Crowd plus emergency equals mass panic, or so urban myths and Hollywood films would have us believe. The reality, recognised by social psychology for some time, is that people in crowds often behave in remarkably cooperative and selfless ways. A new study by John Drury and colleagues suggests that this kind of collaborative behaviour emerges when people in a crowd acquire a shared identity. And contrary to the “mass panic” perspective, an emergency can be the very catalyst that brings people together.
If you’ve ever been on an underground train that gets stranded mid-tunnel, or on an aeroplane that’s overstayed its welcome on a runway, you might have glimpsed a mild version of this feeling of a shared fate. With the temperature rising and information lacking, you and your fellow passengers stop feeling like strangers and start to feel united in your predicament.
Drury and his colleagues asked 21 survivors of mass emergencies about these feelings of unity and about how much helping behaviour and orderliness they’d witnessed. Between them, the participants had been caught up in eleven emergency situations including the crush at Hillsborough, the Harrods bomb of 1983, and the over-crowding at the Fatboy Slim beach party in 2002.
Twelve of the disaster victims described feelings of unity among the crowd, whereas nine of them said it was more a case of everyone for themselves. In turn, the participants who said their crowd was united reported experiencing a sense of a shared fate; reported seeing and experiencing more examples of people helping others, including strangers; and they also reported more signs of orderliness such as queuing to escape.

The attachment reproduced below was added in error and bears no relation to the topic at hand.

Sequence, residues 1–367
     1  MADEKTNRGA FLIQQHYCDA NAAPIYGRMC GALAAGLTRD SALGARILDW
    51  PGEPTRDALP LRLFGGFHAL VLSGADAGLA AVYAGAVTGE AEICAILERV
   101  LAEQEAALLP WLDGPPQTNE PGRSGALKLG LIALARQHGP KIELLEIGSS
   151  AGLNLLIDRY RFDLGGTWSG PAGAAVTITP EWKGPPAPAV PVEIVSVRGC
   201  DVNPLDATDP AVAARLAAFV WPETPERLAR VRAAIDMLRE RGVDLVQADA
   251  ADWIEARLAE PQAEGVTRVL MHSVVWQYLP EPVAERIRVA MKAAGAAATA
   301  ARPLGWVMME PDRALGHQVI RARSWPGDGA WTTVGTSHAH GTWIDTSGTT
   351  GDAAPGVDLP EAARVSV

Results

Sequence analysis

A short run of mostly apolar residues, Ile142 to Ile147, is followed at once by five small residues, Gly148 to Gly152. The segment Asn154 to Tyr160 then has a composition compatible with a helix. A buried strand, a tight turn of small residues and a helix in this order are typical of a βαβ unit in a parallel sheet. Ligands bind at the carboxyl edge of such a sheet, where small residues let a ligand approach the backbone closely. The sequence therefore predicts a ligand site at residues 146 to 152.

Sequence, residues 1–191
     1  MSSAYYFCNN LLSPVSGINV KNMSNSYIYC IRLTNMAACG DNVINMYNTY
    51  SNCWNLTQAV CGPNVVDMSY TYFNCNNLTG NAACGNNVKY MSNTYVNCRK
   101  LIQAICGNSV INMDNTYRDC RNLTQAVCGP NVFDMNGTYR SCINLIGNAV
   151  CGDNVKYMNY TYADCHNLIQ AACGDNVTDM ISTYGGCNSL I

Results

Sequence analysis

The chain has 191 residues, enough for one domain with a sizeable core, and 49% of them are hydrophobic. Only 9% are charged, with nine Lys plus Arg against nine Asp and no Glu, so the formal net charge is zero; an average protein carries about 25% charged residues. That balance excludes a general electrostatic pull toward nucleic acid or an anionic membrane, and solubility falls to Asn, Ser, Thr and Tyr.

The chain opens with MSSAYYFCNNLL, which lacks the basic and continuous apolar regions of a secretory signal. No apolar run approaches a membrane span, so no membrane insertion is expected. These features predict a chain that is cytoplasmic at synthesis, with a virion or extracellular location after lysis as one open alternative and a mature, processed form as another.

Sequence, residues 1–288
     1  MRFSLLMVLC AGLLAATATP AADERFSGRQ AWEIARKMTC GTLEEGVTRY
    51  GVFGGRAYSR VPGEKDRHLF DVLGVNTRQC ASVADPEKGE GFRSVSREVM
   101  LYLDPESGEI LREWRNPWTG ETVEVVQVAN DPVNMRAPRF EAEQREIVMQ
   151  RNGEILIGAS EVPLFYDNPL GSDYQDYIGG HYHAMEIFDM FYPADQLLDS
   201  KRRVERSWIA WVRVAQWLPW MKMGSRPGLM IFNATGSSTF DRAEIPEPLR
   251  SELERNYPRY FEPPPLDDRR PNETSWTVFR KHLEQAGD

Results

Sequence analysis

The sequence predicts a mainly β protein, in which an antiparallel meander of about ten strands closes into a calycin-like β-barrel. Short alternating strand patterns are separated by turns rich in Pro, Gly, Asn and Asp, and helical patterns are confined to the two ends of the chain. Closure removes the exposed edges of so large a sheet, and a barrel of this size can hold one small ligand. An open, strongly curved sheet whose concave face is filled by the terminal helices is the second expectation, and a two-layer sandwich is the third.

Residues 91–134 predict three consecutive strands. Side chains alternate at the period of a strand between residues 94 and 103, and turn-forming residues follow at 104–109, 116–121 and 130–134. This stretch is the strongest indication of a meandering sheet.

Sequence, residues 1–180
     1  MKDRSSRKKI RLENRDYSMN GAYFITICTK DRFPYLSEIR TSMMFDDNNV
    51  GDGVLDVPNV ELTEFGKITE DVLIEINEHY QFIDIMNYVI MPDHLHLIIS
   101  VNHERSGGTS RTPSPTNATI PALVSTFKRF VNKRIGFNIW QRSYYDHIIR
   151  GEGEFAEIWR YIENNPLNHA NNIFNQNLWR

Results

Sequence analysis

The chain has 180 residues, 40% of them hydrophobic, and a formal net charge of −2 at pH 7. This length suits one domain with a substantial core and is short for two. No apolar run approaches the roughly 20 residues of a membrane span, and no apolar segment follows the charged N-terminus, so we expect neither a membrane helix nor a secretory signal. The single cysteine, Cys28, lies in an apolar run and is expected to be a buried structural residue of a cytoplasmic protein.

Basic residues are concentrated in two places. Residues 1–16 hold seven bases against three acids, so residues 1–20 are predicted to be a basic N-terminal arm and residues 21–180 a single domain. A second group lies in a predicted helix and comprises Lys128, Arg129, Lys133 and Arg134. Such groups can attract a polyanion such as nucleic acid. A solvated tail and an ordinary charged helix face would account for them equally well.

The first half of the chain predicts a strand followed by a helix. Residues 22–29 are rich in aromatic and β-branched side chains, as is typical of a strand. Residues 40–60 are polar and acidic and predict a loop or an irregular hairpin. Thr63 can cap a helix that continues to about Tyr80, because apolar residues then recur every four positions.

“An aggregate of individuals becomes and acts as a psychological crowd when there is a cognitive redefinition of the self from a personal to a social identity,” the researchers said. “…[W]e would suggest that in liberating us from the restrictions of individuality the psychological crowd is a crucial adaptive resource for survival in mass emergencies and disasters.”
The authors did also caution that their study has a number of serious limitations. Other survivors, less willing to talk than the current participants, might have had a different story to tell. Also, we know that human memory is extremely unreliable at the best of times, and some of the events described here had happened over two decades earlier.
Drury, J., Cocking, C., & Reicher, S. (2009). Everyone for themselves? A comparative study of crowd solidarity among emergency survivors. British Journal of Social Psychology, 48 (3), 487-506 DOI: 10.1348/014466608X357893